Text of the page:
Entry Requirements

I am currently a medical trainee and will be due to complete training by the programme start date. Am I eligible to apply? 

No, with the exception of GPs, if you had completed your training by the programme start date, 1st August, you are not eligible to join the programme. Medical applicants are welcome from all medical and surgical specialties (including General Practice). They must be doctors in training (holding a National Training Number) or be General Practitioners who have completed their training (post-CCT) and are within the first 4 years post-CCT (full-time equivalent i.e. accounting for part-time working). Doctors will need to gain permission for time out of training from their Postgraduate Dean. 

I am a SAS doctor, am I eligible to apply?

No. Medical applicants should hold a National Training Number, therefore SAS doctors are not eligible to apply. 

I come from a non-medical discipline and I am currently undertaking my foundation training, am I eligible  to apply?

No, with the exception of Dentists, applicants from NMAHPS and other clinical disciplines must have a minimum of 2-year full time (or equivalent) clinical experience after full registration with their professional body, this is required at the point of application.

Is the programme open to healthcare professionals from across the UK? 

Yes. The programme is open to applicants who are registered with their appropriate discipline specific professional body within the UK (e.g. General Medical Council, Nursing & Midwifery Council Nursing & Midwifery Council) and are licensed to practice in the UK. Our first cohort includes Fellows from across the UK. 

I am an international postgraduate trainee, am I eligible to apply and which registration to practice in the UK will be required?

We seek to promote a diverse international community, attracting world-leading talent from across the globe. Our universities hold a sponsor licence and are able to sponsor eligible candidates under the Skilled Worker Visa route.  You must be fully registered with your appropriate discipline specific professional body within the UK, and be licenced to practice in the UK; a temporary registration to practice in the UK is not valid.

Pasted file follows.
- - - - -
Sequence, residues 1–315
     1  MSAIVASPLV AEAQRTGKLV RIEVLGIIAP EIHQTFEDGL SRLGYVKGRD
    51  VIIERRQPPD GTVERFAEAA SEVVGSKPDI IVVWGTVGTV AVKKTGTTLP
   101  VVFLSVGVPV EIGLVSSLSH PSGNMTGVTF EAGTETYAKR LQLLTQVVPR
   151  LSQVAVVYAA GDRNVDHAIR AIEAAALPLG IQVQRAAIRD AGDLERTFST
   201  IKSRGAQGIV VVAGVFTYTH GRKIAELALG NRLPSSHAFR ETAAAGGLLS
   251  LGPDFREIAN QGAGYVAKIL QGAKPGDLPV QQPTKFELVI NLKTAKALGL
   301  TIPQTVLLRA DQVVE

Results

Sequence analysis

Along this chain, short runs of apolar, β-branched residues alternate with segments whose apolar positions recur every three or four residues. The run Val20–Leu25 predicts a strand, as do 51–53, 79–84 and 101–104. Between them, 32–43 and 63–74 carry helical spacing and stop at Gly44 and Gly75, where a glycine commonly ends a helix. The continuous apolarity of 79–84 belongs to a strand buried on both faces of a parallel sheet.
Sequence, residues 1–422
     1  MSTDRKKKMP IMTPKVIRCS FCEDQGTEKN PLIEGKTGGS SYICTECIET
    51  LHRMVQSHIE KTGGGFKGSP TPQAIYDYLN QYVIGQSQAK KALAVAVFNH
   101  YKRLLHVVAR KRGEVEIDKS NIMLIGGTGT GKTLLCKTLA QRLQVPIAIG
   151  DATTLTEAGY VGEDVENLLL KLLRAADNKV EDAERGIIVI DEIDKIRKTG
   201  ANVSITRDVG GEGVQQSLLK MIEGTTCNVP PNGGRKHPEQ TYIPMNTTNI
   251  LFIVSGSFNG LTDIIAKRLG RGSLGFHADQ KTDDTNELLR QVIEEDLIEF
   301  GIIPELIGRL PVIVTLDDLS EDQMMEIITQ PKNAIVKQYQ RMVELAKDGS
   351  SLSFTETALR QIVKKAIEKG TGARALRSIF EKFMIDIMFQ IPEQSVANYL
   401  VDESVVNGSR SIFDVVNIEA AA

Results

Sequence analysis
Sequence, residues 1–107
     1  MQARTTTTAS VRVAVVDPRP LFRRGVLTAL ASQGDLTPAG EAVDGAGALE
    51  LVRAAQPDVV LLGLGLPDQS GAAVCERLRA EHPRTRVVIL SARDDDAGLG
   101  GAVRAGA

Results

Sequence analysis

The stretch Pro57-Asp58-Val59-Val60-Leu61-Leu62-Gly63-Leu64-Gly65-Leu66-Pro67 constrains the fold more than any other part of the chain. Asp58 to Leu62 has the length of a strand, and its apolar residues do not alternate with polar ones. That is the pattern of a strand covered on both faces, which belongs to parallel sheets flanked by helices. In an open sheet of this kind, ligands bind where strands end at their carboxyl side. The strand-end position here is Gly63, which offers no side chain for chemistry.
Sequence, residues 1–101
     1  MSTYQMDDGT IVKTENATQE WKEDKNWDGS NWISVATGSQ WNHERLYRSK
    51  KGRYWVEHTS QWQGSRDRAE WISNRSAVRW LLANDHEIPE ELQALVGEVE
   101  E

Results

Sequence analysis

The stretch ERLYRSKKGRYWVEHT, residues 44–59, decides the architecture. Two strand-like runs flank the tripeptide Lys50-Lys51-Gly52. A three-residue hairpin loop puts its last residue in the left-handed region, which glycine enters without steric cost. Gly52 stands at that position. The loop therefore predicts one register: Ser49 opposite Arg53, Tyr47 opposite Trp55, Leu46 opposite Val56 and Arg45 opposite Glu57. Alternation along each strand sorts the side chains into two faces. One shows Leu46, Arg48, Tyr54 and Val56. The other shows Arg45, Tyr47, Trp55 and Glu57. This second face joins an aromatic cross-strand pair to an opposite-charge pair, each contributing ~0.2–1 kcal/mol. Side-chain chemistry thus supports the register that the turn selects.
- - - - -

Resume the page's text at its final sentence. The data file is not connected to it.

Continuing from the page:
I would like to apply for this programme, what could I do to improve my current research skills?

You may discuss with your current employer what opportunities are available and, if able to gain time for this, you may reach to local clinical academics or supervisors of projects that interest you to discuss any opportunnities for participation. 

Your Application & Recruitment Process

How will candidates be shortlisted?

Consortium members from all host insititutions, alongside Patient and Public Involvement and NHS Education for Scotland representatives,  will consider applications and shortlist candidates based on the essential and desirable criteria included in the vacancy advert. It is essential that you address how you meet all outlined criteria in your application. 

How are candidates recuited for specific projects?

We are recruiting the best candidates, and applicants choose which projects they are interested in. All candidates are welcome to apply for any of the available projects. Candidates must indicate their preferred top 2 projects in order of preference when completing their application.

Applicants are strongly advised to contact the supervisor of their preferred projects to discuss them (we expect you to have contacted the supervisor of your first preferred project before you apply). Contact details are available on the projects website. Only one candidate per research project will be recruited. Applicants will be ranked after interview, when a first choice project has already been allocated the second choice will be assigned; if both projects have been allocated the candidate will not be selected for the programme. It is important that all candidates indicate two choices to maximise their options. The available projects will be updated every year. Each university has a maximum number of fellowships to offer each year. Candidates may want to ensure they apply for projects from two different universities to maximise their chances of success.

How flexible are projects to ensure that there is sufficient relevance to a candidate's clinical practice?

You can only apply for an advertised project, because projects and supervisors have to align to the programme focus and aims. However, as with any PhD, there is flexibility within most projects to tailor them to an individual's interests. If appointed, then you will work to transform the brief project description into a full fellowship proposal, which will be reviewed and approved by the programme team to ensure that the work remains aligned to programme aims and focus on multimorbidity, as well as ensuring that the planned work is appropriate for PhD level training.

Can I change my project choice after application?